How global sourcing is changing the shape of the business world.
During our discussions of keynote speakers for HRO World, I recommended that we ask Thomas Friedman, the author of The Lexus and the Olive Tree, about globalization in the 1990s, and a new book, The World Is Flat, about the sourcing revolution. Unfortunately, we couldnt afford to pay Friedman. Fortunately, I was willing to read his book, plagiarize as much of it as possible, and talk to the attendees of the HRO Awards dinner about it.
Anyone who picks up The World Is Flat will have a hard time putting it down. Thats because the world Friedman describesa world where global sourcing barriers have collapsed, time zones have disappeared, work days have extended to the horizon, and work has been transformed into pieces that can be constructed and deconstructed at willis a story weve all lived. This new flatness has defined the HRO industry and will affect our missions going forward.
Think back to two or three years ago and remember how you had to talk about HRO with potential customers. Back then, there was basically no research, no industry data, no understanding of best practices, and no accepted profession.
Today, employers throw around terms like HRO and strategic sourcing with a bravado we never dared to show. Give it time, and this language will become common in every boardroom in
Within the past year, offshoring switched from being an issue of concern to being an issue of imperative. Once the political heat of 2004 died down, customers saw that global sourcing wasnt just about labor costsit was about making a 24/7 business a reality. Offshoring provides access to skill sets and language capabilities not available in home markets. Coupled with the cost savings, these tools help global firms remain cost competitive on a global scale.
The reason why offshoring will eventually die down as a political issue is that, inevitably, the forces pushing jobs offshore will bring them back. The talents that have been unleashed in
Its amazing to see how quickly customers have redefined providers. In the HRO early days, HRO was provider driven. Today, HRO is customer driven. When we began, there was little understanding among potential buyers of the HRO practice. Today, HRO education is a big business. And today, HRO customers speak differently than they did in our early daysnot jargon, but rather accents. Early on, the major HRO clientsBT, BP, and BAE Systems were all U.K.-based companies. However, American firms, in typical fashion, not only understood the market opportunity and embraced the concept, they actually claimed it was their idea! And to form, Asian companies are fast becoming an increasing important part of this mix. So too, global customers have awokenalmost at onceto the imperatives of the new flat world. In all these ways, customers have changed and theyre driving provider innovation.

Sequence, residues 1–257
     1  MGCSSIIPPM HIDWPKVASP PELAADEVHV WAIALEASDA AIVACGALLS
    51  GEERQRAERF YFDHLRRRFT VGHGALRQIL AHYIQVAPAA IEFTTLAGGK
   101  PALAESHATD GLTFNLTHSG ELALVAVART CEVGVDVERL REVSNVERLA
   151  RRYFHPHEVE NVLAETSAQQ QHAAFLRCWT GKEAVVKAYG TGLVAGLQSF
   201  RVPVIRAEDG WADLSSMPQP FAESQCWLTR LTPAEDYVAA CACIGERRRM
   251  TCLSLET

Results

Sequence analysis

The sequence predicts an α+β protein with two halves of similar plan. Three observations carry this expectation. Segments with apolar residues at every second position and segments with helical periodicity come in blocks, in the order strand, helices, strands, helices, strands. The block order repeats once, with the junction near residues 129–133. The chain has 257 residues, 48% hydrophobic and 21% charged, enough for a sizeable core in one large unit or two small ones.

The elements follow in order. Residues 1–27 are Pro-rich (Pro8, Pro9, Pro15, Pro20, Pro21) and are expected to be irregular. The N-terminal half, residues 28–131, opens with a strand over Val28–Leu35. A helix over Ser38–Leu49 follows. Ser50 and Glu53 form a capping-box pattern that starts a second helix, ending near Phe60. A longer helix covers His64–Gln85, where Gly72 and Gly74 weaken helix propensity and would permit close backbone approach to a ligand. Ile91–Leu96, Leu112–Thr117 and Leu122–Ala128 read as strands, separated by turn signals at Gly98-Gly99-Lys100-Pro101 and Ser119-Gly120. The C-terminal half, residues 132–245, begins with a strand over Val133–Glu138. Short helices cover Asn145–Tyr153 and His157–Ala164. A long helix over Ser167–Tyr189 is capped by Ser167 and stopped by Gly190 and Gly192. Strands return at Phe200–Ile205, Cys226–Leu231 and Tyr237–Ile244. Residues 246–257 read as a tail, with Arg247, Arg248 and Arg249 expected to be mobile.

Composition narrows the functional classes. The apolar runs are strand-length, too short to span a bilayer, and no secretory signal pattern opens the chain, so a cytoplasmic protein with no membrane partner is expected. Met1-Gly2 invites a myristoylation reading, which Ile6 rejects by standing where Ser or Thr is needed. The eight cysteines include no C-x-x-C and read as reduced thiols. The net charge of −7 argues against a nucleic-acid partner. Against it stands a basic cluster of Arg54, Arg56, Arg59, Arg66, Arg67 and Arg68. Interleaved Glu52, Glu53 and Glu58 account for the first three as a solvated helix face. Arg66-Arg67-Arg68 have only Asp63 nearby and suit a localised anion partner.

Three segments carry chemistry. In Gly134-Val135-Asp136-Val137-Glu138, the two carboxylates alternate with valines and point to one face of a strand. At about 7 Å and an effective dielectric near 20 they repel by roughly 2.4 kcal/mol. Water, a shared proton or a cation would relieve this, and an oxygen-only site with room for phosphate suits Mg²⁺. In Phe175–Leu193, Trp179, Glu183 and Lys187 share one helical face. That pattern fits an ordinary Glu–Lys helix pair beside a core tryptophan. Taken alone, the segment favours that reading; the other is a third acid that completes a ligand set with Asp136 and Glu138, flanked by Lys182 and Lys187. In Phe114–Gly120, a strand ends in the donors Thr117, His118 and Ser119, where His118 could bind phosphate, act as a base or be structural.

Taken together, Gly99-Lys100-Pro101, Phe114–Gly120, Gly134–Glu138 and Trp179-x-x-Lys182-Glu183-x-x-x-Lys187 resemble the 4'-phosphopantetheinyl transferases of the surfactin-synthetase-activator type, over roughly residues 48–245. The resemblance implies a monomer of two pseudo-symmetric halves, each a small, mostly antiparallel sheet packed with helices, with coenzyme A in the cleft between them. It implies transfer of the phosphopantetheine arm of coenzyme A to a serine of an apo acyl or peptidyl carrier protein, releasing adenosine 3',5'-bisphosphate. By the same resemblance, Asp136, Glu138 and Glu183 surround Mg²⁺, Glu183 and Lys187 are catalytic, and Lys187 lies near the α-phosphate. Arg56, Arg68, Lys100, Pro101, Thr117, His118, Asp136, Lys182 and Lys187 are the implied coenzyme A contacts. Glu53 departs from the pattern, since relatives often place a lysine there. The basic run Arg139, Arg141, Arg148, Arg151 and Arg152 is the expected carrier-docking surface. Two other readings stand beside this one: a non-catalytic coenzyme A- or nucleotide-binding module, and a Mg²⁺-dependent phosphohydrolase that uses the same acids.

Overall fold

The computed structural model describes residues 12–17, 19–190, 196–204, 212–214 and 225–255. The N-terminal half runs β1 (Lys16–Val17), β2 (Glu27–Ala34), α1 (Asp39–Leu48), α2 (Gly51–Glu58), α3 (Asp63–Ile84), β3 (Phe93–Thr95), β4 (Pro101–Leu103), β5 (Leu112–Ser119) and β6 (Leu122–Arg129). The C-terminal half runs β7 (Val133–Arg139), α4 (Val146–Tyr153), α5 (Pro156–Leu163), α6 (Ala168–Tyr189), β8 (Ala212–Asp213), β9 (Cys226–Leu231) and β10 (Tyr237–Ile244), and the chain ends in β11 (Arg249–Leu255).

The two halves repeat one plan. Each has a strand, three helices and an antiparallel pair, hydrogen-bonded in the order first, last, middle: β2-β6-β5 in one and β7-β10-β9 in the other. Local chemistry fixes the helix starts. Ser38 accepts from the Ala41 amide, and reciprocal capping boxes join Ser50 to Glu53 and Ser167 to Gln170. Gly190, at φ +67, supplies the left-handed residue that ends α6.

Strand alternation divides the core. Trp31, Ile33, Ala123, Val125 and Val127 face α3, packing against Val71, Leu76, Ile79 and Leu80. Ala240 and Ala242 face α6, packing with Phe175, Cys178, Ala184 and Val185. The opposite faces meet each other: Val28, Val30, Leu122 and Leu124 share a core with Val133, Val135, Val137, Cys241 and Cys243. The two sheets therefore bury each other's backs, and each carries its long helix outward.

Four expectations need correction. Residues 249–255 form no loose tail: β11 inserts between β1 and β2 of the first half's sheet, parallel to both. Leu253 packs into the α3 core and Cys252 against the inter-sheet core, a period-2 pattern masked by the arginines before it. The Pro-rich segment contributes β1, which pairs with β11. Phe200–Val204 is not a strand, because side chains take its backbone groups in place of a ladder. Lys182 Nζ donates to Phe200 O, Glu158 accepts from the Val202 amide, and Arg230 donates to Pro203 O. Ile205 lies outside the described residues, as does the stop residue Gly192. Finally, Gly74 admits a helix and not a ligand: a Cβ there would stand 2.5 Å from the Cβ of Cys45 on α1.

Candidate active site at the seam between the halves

The first wave of outsourcing customers came to us with simple imperatives. Today, were seeing end-to-end HRO take hold, under the one throat to choke principle. The new mantra of the outsourcing industry is its the data, stupid. Just as customer data revolutionized business 10 years ago, internal data has significantly altered the way enterprises analyze sourcing.
So where does that leave us? Friedman writes that the sourcing revolution underway is creating a national crisis that must be solved one person at a time. While American business has, for decades, had substantial natural advantages, we cannot be complacent that these advantages will hold up for longnot when work can move seamlessly to the lowest cost and the best talent. Friedman says that the dirty little secret no CEO wants to tell you is that companies are outsourcing not just to save on salary, they are doing it because they can often get better-skilled and more productive people than their American workers.
For the HRO industry, this is a major opportunity. HR has moved front and center in the global economy. The clarion call weve sounded for years may finally be heard. Now is the time for all of us to stop and ask ourselves: How are you going to respond